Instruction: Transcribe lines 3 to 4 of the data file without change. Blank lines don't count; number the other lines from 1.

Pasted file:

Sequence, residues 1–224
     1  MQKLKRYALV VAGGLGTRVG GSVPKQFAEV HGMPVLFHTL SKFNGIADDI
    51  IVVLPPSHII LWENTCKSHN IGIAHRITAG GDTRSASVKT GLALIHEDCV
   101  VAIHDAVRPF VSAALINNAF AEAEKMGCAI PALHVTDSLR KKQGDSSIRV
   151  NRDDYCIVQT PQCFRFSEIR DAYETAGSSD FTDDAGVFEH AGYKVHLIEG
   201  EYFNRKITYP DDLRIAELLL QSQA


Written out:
    51  IVVLPPSHII LWENTCKSHN IGIAHRITAG GDTRSASVKT GLALIHEDCV
   101  VAIHDAVRPF VSAALINNAF AEAEKMGCAI PALHVTDSLR KKQGDSSIRV